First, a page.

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province, is an honor to the American name. Modeled, from the beginning, after the type of German rather than English journalism, it is a rich repository of essays and disquisitions on various points in theology and the kindred sciences, with here and there a valuable contribution on some topic of general litera ture. No well furnished library of a clergyman can be without it. But its plan makes it a work chiefly for professional men. To act directly on public opinion-to discuss to-day the question of the day before the people at large, or before that portion of the people which takes an intelligent interest in the questionappears to be no part of its design. Seeking to unite in its support as large a body of the clerical profession as possible, its pages are open for discussion on controverted topics from opposite parties; and being a repository of contributions from various authors in various connections and relations, each writing under the responsibility of his own name, the opinions which it publishes are not its own, but those of individual contributors. Its functions therefore in its proper department are analogous to those of the American Jour nal of Science, rather than to those of a popular Review, which aspires to be a censor of opinions and of parties, and to speak its own mind on whatever topic it undertakes to handle. Into the department which the Biblical Repository is occupying with so much success, it is not our intention to intrude. We heartily commend that work not only to ministers and students of theology, but to scholars in every profession. A work of that kind ought to be well supported by the clerical profession in this country, for it is continually adding not only to their reputation at home and abroad as an intellectual and learned body of men, but also to their actual attainments in biblical learning and theological sci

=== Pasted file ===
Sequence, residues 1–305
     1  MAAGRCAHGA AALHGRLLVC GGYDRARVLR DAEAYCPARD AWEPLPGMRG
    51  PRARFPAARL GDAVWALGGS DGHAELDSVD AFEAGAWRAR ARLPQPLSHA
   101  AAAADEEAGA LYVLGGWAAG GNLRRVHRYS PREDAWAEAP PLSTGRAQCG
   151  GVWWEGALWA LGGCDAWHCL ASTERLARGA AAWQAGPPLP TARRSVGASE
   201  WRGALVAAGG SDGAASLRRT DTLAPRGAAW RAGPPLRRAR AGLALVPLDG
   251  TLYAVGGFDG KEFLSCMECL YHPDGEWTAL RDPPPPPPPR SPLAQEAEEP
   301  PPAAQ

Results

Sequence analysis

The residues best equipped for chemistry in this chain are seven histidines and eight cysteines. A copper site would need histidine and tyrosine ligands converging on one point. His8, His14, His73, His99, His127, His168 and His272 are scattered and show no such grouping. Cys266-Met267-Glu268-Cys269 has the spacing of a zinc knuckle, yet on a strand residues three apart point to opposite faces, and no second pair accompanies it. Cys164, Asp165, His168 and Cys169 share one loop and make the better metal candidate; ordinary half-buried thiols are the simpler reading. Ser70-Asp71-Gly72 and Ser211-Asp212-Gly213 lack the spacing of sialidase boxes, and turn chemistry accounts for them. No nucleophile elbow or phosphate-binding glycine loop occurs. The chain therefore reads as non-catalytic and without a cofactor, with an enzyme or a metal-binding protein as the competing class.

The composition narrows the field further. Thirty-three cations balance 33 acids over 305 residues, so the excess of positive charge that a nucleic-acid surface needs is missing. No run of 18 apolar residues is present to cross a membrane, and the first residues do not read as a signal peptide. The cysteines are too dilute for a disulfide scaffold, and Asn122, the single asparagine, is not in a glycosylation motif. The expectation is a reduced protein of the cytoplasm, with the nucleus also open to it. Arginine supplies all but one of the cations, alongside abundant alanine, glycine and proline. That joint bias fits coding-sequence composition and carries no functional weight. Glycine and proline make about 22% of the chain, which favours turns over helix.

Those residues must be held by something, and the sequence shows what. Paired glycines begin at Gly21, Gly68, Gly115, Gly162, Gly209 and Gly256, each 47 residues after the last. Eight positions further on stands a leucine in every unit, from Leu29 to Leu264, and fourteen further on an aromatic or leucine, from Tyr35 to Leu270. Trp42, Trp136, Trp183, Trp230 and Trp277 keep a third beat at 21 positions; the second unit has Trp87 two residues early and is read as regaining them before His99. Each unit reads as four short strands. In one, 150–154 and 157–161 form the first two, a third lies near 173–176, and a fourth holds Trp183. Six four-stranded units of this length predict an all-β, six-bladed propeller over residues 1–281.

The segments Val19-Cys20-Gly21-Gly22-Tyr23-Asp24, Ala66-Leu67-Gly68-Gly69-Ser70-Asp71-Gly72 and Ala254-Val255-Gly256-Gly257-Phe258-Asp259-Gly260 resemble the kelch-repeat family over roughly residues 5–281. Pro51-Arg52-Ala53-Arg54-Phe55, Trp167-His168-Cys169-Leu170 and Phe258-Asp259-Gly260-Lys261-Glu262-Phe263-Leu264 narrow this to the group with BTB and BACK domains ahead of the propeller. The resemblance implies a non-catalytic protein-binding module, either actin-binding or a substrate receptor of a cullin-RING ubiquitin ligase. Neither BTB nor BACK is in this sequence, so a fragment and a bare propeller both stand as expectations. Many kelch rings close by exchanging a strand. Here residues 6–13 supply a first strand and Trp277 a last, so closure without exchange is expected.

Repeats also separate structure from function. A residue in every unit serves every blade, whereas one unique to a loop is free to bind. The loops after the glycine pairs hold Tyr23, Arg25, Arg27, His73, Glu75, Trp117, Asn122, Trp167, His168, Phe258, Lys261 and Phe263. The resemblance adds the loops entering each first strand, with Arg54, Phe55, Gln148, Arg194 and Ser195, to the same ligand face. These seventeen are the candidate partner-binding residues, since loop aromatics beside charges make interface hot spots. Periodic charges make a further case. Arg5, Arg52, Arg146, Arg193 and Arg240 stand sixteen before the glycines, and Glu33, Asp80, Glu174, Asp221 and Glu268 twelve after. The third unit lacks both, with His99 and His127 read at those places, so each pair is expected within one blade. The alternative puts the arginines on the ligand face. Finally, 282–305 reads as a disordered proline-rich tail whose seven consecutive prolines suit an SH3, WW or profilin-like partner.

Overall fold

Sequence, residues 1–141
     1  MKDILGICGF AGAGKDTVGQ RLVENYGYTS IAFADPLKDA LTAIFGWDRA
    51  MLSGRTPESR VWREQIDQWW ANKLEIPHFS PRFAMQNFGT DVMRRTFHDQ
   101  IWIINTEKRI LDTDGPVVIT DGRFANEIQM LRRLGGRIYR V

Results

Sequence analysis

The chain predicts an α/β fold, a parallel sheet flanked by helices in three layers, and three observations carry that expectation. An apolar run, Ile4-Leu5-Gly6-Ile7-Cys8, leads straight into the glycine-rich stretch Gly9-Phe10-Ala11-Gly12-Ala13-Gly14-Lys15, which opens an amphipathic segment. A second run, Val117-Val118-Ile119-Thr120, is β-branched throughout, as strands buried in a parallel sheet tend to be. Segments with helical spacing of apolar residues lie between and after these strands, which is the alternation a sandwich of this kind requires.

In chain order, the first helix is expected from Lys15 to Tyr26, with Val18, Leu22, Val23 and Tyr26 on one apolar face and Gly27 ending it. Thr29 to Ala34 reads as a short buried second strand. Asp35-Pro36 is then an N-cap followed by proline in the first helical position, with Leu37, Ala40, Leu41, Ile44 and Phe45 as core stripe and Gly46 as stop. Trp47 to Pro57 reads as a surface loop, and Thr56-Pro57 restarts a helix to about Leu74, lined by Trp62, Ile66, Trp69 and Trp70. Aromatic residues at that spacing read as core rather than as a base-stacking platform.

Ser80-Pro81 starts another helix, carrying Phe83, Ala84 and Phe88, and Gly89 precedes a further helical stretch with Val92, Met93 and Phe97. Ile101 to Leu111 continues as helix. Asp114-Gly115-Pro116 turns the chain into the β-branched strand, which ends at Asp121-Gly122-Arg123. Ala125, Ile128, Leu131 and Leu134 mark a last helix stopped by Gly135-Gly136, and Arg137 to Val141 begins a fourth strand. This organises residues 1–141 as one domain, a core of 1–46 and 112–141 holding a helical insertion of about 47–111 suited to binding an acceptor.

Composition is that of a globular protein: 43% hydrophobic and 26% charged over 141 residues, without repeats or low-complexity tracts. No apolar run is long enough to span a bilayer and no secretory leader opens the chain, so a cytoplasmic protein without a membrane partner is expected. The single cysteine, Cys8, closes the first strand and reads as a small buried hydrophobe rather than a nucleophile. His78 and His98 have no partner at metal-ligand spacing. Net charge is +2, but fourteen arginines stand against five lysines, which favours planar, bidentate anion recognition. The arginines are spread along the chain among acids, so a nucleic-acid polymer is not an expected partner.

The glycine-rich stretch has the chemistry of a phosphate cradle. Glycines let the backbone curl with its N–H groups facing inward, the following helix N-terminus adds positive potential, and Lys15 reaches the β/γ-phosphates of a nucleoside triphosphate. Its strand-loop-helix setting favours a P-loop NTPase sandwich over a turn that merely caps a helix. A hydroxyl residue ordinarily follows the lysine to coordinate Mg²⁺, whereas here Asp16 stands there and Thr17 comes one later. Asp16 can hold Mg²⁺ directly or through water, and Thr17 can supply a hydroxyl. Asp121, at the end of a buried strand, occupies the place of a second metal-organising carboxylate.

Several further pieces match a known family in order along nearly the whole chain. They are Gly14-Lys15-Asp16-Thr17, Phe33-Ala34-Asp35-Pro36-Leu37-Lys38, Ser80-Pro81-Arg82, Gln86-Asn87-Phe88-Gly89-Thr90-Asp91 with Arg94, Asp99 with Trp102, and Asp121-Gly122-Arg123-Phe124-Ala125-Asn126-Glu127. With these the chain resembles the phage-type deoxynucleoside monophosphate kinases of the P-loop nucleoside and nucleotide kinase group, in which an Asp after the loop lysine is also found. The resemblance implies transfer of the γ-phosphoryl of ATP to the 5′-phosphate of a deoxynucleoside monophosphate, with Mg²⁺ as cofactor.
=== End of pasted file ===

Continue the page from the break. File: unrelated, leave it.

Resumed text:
The BIBLICAL REPERTORY AND PRINCETON REVIEW, though chiefly occupied with ecclesiastical and theological subjects, is widely different in aim and conduct from the work which we have just been commending. It is the organ of the Princeton party in the Old School section of the Presbyterian Church. By no means deficient in learning, though sometimes blundering in logic; especially at home, as it ought to be, in the various erudition of theology; fluent in style, and rarely tasking the reader by any argument requiring profound thought or close attention; frequently brilliant in its wit, and frequently abusive; contemptuous in its manners, as might be expected of those who have learned to tremble at the objurgations of ecclesiastical dictators; it is a work likely to be read by those into whose hands it falls. When it heaps ridicule on the unfortunate Bishop Doane and his brother champions of Puseyism, its readers, greatly multiplied for the occasion, laugh till laughter produces tears, and till amusement at the folly of prelate, priest and deacon, ends in something like compassion for their sufferings. Accustomed to receive its theology by tradition from the elders, and not daring to presume that there can be any improvement on the triangles of Gomar and Turretin, it is incapable of sympathy with the devout and earnest endeavors of American theology, from the days of the elder Edwards through the bright line of his successors, to "justify the ways of God to men,' and to place the doctrines and claims of the evangelical system, as the Scriptures place them, in that clear light in which the soul, conscious of its own nature and of its guilt, is compelled to recognize their reality and their reasonableness. It gives no place, no, not for an hour, to such an idea as that the New England divines have done something, in their way, for theology. Its feelings are rather with those who hold New